Most seed packets include the number of days to maturity for that particular crop. Although the days to maturity can vary depending on garden conditions, it will still give you a good ballpark for an approximate time crops will be ready to harvest. The most reliable way to decide when to harvest crops is to learn and recognize the characteristics of the mature fruit or vegetable. For example, tomatoes are ready to harvest when they come off the vine easily when twisted. An understanding of when they crops you’ve planted are ready to harvest is also something that you’ll learn through experience and trial and error. Use what you know particular crops look like in the supermarket as a guide, but understand that your crops may be smaller or a little more irregular at harvestime than the ones you see in the supermarket.

Q: How do we attract butterflies, pollinators, and other beneficial insects?

First of all, it is important to note that there are many wonderful resources for native and pollinator gardening in New York City, most notably The Butterfly Project. Considering contacting The Butterfly Project or one of the botanic gardens before you begin native and/or pollinator gardening for ideas, suggestions, plant recommendations and more. In short, the crops and plants you choose to include in your garden, as well as maintaining water sources and friendly habitat for insects, will determine which pollinators, beneficial insects, and butterflies your garden attracts. Planting specialty mixes like Bee Feed Mix , Beneficial Insect Attractant Mix , and Xeriscape Mix will help attract pollinators and other beneficial insects. Native plants that can attract butterflies include butterfly weed, milkweed, goldenrod, aster, and more. For more information on butterfly gardening, including habitat responsibilities for gardeners, check out The Butterfly Project website . The Butterfly Project and Grow to Learn often host seasonal native plant giveaways and workshops; check Grow to Learn’s event page for upcoming workshops.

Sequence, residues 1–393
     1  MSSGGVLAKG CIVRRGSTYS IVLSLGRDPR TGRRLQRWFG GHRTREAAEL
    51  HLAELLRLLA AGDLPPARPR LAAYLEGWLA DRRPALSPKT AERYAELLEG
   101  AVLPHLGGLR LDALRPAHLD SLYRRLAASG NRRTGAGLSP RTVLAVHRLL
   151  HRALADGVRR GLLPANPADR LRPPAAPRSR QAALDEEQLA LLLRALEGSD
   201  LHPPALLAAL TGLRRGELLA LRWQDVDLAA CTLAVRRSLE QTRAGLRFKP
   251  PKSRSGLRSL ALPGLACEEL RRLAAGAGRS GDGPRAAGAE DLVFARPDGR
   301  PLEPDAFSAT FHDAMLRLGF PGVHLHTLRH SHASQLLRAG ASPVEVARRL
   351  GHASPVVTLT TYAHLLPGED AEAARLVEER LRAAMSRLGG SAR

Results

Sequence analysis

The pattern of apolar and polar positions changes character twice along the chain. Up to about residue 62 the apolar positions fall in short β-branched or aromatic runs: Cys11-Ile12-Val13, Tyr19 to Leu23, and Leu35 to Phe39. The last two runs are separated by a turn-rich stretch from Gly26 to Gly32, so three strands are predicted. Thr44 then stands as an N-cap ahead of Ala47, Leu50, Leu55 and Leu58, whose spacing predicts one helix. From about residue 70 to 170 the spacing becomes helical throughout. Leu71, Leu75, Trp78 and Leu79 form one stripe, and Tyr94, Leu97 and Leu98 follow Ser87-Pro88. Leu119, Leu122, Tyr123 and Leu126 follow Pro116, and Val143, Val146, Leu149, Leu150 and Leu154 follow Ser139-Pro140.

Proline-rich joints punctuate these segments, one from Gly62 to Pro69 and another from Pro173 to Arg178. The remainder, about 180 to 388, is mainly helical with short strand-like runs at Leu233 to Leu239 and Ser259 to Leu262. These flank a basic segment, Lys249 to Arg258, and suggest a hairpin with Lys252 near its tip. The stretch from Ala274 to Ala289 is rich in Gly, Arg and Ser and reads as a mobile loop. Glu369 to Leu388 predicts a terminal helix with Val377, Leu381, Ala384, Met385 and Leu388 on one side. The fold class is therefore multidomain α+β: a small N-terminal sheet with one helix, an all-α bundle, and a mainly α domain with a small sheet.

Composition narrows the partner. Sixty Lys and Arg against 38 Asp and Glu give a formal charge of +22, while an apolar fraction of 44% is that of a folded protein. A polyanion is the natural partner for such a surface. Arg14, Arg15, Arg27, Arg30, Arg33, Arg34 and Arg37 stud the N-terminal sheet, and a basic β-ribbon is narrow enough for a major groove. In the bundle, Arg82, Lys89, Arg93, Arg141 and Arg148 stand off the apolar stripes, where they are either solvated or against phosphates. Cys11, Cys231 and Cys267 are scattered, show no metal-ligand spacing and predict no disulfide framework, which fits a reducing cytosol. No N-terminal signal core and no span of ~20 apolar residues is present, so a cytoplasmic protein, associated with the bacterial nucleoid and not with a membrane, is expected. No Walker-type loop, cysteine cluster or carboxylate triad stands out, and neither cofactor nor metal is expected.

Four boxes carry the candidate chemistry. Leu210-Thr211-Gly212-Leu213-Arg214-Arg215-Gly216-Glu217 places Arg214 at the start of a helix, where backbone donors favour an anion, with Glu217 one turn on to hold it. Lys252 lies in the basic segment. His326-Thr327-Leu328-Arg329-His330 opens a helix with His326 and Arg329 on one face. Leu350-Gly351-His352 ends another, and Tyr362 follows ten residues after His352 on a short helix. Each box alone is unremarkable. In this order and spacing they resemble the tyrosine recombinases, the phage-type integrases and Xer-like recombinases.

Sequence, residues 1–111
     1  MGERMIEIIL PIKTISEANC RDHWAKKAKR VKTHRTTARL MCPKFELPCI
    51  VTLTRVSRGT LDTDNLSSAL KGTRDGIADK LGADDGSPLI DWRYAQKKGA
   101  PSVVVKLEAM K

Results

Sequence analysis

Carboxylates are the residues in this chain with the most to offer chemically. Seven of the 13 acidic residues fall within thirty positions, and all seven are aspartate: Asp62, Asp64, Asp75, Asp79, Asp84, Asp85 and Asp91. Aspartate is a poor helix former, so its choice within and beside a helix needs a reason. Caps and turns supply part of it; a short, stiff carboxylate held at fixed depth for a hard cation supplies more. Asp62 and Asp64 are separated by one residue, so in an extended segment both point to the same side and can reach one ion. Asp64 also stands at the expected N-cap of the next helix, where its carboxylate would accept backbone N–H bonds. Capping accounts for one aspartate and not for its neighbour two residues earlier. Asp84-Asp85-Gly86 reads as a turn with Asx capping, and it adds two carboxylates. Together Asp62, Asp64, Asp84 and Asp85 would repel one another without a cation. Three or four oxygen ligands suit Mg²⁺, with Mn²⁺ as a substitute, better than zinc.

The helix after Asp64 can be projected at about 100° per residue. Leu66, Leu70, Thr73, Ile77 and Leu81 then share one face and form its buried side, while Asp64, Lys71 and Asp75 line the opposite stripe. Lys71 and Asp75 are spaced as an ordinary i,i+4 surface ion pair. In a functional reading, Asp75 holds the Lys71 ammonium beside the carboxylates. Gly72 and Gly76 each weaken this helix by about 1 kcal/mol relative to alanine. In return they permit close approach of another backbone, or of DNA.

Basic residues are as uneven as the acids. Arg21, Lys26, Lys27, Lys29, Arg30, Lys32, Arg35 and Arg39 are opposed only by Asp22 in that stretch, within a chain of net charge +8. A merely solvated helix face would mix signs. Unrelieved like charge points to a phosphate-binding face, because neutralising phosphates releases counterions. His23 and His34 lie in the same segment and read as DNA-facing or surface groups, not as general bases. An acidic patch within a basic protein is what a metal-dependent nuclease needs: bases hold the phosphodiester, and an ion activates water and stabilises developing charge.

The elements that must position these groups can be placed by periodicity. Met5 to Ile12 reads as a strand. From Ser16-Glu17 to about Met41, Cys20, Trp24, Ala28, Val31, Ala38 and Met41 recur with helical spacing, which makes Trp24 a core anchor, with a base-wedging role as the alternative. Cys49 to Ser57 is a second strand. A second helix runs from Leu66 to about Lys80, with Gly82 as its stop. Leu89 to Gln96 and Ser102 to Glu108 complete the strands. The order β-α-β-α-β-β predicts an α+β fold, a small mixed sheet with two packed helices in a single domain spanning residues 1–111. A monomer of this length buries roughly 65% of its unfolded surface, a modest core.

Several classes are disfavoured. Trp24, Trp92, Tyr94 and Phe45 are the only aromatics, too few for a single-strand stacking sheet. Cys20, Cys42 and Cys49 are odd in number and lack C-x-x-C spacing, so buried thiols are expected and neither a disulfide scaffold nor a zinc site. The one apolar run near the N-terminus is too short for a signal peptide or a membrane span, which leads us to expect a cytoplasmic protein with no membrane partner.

Q: What can we plant that will be low maintenance?

There are a number of low maintenance planting options for school gardens. See the list below:
● Wildflowers : A bed of low maintenance wildflowers is a wonderful addition to a vegetable garden or a vibrant learning garden all on its own! Wildflower plantings typically need no extra fertilizer and little or no supplemental watering after germination – making them a great choice for busy school gardeners and schools without summer programming. See Grow to Learn’s Insect Invitation Guide for more information [hyperlink to pdf].